What Do You Get for Beating Chevron in Court? A “Two-by-Four Between the Eyes” and Six Months in Jail | Amazon Watch
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What Do You Get for Beating Chevron in Court? A “Two-by-Four Between the Eyes” and Six Months in Jail

Despite the UN’s demand for Donziger’s release, judge gives him the maximum sentence, a chilling message to anyone working to address the climate crisis and resist corporate exploitation

October 5, 2021 | Paul Paz y Miño | Eye on the Amazon

On Friday, Judge Loretta Preska sentenced human rights attorney Steven Donziger to the maximum sentence of six months in federal prison for the petty misdemeanor contempt of court charges filed by Judge Lewis Kaplan, a pro-Chevron former tobacco industry lawyer. Preska handed down this sentence despite multiple calls for Donziger’s release, including from the United Nations Working Group on Arbitrary Detention, several members of U.S. Congress, the European Parliament, 68 Nobel Laureates, and virtually every large international environmental justice and human rights organization, including Amnesty International.

The charges were prosecuted by corporate law firm Seward & Kissel, appointed by Kaplan himself. This is a firm that had Chevron as a client only a couple of years ago, and its lead lawyer, Rita Glavin, recently left to defend Andrew Cuomo from multiple sexual harassment allegations. Kaplan also hand-picked Preska to try the case. This makes Kaplan the “aggrieved party,” the person who filed the charges, picked the prosecutor, selected the judge, and still remains a judge officially assigned to the case. None of this bears any resemblance to what high school students in the U.S. are taught about “exceptional American justice.”

During sentencing, Preska dismissed the recent decision by the UN Working Group on Arbitrary Detention saying she would “take it for what it’s worth.” This decision directs the U.S. government to immediately release Donziger and compensate him, citing that his detention is a human rights violation. The respected human rights body also said that both judges – Kaplan and Preska – had shown “a staggering lack of objectivity and impartiality.”

Demonstrating a complete lack of understanding or concern for the human rights situation in Latin America for those who work to protect human rights and the environment, Preska employed a brutal metaphor that “only the proverbial two-by-four between the eyes will instill in him [Donziger] any respect for the law.” Then, Preska even denied Donziger bail pending an appeal of the decision. His legal team has one week to challenge that denial and if he loses he will have to report to federal prison for six months to file his appeal while incarcerated.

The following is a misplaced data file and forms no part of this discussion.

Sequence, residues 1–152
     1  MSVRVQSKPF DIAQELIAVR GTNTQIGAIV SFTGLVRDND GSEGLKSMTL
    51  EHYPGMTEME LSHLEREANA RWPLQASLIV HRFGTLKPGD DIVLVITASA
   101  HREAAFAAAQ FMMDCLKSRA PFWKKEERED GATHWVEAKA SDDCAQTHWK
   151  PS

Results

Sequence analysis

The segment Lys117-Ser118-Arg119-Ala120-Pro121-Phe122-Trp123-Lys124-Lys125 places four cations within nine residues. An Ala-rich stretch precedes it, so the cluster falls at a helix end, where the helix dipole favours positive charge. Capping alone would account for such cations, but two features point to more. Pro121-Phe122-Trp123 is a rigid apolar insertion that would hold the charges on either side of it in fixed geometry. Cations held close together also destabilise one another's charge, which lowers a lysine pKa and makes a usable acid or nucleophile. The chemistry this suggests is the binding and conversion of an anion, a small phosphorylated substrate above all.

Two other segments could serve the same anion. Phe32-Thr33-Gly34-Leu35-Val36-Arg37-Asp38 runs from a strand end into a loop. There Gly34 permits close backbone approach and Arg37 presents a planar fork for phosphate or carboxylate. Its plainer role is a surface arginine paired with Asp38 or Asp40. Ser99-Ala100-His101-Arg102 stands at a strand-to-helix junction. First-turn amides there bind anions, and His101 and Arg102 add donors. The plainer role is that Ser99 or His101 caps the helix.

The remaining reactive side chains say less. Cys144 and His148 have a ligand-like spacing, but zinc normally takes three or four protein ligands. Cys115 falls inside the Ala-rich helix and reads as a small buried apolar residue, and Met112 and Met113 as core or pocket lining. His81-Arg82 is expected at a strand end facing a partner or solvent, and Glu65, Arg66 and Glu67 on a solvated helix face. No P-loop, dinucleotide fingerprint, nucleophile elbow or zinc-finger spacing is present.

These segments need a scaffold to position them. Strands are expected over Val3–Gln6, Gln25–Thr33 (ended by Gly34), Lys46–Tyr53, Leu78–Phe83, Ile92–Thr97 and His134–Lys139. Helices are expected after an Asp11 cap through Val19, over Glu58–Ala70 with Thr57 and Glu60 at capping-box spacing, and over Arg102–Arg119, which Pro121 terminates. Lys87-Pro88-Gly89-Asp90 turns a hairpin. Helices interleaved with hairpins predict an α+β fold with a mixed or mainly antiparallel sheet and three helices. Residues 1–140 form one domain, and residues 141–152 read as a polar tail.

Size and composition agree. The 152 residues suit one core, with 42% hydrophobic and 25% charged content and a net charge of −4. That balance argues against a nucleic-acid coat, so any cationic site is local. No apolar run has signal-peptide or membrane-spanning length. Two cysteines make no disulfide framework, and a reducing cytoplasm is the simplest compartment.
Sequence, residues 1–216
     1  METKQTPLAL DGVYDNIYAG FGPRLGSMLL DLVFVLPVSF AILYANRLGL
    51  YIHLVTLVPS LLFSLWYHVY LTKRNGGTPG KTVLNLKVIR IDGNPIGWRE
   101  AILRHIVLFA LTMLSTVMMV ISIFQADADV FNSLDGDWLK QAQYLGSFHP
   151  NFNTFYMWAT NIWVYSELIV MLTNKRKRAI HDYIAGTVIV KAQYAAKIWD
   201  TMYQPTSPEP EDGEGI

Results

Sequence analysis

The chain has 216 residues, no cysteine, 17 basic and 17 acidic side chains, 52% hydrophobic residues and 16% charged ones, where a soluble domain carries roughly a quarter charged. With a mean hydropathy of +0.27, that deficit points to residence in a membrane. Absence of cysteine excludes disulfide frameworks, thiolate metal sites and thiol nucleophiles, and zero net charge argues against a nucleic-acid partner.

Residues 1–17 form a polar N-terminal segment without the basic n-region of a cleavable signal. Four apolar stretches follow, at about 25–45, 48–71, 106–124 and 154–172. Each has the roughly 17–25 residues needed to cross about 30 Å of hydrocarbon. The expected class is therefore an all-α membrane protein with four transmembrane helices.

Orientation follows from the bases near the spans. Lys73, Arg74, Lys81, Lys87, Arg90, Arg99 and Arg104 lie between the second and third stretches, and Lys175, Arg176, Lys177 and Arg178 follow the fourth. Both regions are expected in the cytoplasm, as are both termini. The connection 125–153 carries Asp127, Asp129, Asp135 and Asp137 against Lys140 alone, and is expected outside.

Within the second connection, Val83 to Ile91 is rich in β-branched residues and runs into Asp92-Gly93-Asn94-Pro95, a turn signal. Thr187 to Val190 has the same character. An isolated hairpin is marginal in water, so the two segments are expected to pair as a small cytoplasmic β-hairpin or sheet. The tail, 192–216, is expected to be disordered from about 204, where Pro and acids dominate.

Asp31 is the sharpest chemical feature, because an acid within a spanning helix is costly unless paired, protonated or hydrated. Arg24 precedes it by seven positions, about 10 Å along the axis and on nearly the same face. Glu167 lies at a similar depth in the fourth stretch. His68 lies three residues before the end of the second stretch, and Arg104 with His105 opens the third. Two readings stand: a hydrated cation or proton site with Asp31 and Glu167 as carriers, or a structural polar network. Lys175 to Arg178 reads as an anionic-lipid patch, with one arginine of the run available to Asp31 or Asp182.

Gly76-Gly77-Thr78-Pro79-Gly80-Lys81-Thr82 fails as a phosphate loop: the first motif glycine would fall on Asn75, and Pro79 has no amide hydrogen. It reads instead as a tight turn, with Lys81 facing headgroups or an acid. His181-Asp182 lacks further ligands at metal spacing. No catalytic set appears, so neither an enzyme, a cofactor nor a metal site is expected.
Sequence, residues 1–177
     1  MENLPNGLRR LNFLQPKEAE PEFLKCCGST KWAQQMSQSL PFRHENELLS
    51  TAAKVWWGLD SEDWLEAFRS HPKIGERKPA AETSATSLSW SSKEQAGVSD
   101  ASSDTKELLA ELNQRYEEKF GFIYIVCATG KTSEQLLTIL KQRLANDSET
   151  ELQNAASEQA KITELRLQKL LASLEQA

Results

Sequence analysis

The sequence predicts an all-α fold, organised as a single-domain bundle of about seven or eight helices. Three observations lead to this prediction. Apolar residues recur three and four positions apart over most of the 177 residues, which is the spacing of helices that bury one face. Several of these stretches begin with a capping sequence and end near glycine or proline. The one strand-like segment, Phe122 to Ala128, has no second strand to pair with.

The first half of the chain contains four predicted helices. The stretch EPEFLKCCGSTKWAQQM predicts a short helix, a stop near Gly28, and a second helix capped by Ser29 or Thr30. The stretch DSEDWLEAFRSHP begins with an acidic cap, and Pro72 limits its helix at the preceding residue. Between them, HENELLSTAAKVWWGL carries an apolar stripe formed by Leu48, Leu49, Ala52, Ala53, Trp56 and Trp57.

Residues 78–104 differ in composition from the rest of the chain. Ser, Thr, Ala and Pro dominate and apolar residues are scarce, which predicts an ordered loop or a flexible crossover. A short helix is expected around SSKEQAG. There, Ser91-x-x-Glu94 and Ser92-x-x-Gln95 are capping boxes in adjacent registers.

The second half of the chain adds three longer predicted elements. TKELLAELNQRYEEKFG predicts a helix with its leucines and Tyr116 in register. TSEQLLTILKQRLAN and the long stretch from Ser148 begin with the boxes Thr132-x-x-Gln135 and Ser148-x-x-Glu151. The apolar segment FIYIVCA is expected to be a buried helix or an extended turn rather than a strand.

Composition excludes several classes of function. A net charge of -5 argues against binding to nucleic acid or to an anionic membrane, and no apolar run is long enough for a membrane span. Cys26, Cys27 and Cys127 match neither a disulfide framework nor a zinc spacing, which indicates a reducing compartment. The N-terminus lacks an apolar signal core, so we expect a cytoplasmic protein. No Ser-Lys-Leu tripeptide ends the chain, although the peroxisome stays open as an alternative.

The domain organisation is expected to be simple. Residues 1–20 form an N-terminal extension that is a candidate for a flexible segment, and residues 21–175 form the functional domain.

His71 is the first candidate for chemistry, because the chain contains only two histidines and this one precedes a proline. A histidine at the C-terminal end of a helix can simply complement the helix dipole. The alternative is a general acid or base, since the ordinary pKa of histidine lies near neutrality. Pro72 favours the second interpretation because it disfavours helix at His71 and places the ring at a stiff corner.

While the actions by Judges Preska and Kaplan and law firm Seward & Kissel are shocking, they are not surprising. Key powers within the U.S. Congress, executive branch, and judiciary have been unwilling to respond in any way to egregious abuses of power and injustices that violate the basic tenets of U.S jurisprudence. Their inaction and inability to address the gross attacks against Donziger and the evidence of Chevron’s corruption expose the inordinate power that the fossil fuel industry has over the U.S. government – including its courts.

Although it was not Chevron’s intention, the international coverage of this story and the growing outpouring of support for Donziger and the affected communities in Ecuador has grown exponentially since the trial began. This movement will continue to place considerable pressure on the Biden Administration to intervene and put an end to the farce that has placed the interests and profits of the second-largest oil company in the U.S. over those of affected communities and their advocates.

Together, we must make sure President Biden takes steps to not only right this terrible wrong, but turn the focus back to the real crime: Chevron’s deliberate dumping of 16 billion gallons of oil waste into the Ecuadorian Amazon. This pollution continues to bring death and destruction daily and as long as Chevron is not held accountable, this case will stand in the way of any dreams for climate justice.

As Annie Leanord, Co-Executive Director of Greenpeace USA, said about Donziger’s sentencing:

“It is emblematic of the larger trend of silencing activists, many of whom are fighting for the solutions desperately needed to combat the global climate crisis exacerbated by multinational fossil fuel companies. Chevron’s legal attack on Donziger is not the first, nor will it be the last case of its kind. Right now, the right to dissent is being repressed by both our government and corporations. Donziger’s fate could have lasting effects on environmental and corporate accountability activists, against whom threats and legal harassment are already escalating. While today may come as a blow to the environmental community, we know we cannot shy away. We must double down before it’s too late.”

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